• I could know that, in fact, this person saw we both had blonde hair, had been seen in conversation, and did what everyone else on the planet does, lump all blondes together. Aren’t all Caucasian blondes related?  Although, if I had chosen this option as my reaction, couldn’t they have asked if we were sisters? Why jump to the conclusion that I was mom?

To make matters worse, it wasn’t but just a couple of months before this incident that someone approached me and asked if I was pregnant. I’m the thinnest I’ve been ever in my adult life,and this person also knew I was in the middle of training for a marathon. The two components of thinness and fitness rarely a pregnant female make. Flabbergast was the only appropriate response here.

Short story long, I chose to let the comments go. With the simple extension of a hearty laugh and a knowing smile of forgiveness in both scenarios, the slate was wiped clean. We have all put our foot in our mouth at some point and have probably been the one eating crow. Why then, one year later, do these two conversations still stand out to me with such clarity?

What woman doesn’t worry about maintaining her youthful glow and appearance? What woman doesn’t want to present herself as chic and in control? Perhaps these females exist, but I haven’t met any of them yet. Even the most confident of XX chromosome owners have moments of mirror shaming, photo comparing, and skin, hair, clothing, body envy.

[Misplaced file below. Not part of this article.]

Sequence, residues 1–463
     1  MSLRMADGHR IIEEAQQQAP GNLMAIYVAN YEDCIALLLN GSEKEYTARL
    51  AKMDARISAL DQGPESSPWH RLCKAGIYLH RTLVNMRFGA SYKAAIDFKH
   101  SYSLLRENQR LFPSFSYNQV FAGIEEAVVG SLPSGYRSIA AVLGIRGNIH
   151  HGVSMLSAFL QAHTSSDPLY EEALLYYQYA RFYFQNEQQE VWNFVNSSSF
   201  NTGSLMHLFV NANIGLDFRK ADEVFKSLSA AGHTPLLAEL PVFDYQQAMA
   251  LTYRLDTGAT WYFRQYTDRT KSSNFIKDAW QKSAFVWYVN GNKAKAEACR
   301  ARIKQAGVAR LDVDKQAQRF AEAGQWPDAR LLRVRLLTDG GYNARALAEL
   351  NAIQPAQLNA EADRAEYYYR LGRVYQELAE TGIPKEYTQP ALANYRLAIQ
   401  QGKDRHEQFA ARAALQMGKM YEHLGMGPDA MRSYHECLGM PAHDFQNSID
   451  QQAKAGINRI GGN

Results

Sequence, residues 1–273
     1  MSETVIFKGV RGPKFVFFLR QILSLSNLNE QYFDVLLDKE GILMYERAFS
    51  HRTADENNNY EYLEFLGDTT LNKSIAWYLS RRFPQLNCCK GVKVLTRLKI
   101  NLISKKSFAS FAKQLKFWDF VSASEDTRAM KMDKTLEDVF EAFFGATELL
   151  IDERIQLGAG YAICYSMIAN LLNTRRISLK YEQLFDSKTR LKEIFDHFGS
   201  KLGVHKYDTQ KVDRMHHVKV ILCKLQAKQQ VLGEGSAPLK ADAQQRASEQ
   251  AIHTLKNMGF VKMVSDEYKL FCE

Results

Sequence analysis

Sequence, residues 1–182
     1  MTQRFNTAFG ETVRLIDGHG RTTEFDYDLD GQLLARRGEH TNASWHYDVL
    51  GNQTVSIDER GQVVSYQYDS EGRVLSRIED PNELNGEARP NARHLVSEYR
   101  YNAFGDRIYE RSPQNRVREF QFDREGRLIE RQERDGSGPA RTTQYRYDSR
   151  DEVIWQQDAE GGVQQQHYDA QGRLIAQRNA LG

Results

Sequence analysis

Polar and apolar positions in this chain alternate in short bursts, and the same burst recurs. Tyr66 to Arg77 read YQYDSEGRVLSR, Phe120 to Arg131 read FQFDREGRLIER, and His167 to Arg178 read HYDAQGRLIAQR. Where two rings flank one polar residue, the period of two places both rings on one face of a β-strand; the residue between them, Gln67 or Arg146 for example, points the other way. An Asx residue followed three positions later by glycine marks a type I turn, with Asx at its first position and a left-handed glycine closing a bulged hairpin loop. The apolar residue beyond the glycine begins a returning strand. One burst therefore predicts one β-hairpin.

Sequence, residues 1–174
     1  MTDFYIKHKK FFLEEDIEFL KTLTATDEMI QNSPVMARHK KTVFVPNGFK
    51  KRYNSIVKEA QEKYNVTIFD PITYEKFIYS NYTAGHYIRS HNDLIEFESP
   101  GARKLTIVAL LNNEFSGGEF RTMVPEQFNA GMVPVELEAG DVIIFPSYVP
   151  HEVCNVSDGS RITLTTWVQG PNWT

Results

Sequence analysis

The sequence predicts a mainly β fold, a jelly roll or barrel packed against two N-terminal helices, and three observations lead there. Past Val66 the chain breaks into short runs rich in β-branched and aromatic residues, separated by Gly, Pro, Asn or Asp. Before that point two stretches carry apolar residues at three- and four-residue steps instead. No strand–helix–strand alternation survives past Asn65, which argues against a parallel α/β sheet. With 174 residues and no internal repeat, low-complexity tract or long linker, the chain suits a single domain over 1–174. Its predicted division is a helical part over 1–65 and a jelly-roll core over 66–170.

While chicks around the world may have some raw nerves and universally agreed upon taboo points of discussion (i.e. never ask a woman her age, her weight, her income, or if she’s pregnant), the job is up to us to do the hard work of knowing ourselves and our true, inherent worth as a human being. Never leave the job up to anyone to tell you who you are or what you look like. External validation and motivation can disappear as quickly as it appears. It is fickle. It is finite. It is based in fashion and fads. However, a true, deep down, internalized system of validation and motivation will keep your head held high and your confidence soaring whether you’re rocking Jimmy Choo’s or slippers.

We, as women, can be our own best asset or our own worst enemy. Do not hand the job of self validation over to anyone else in your life. Your parents, your significant other, your children, your co-workers, your boss, your personal trainer, or the random person you met online in a chat room cannot and should not be expected to butter you up, prop you up, and fill you up. My value and my worth will not be held hostage to opinions, criticisms, the social media commentary, postings, and activities of others, Hollywood, Washington DC, trends, styles,the cultural zeitgeist, or the random woman in a tweety bird t-shirt and leggings at the gas station.

Take the time to get to know yourself. Learn what it is you like about yourself and what areas you need and want to improve in. Take action everyday towards the person that you are becoming and desire to be. No one else can cheer for you or take that action for you.

The journey is your work to do. Be your own kind of beautiful!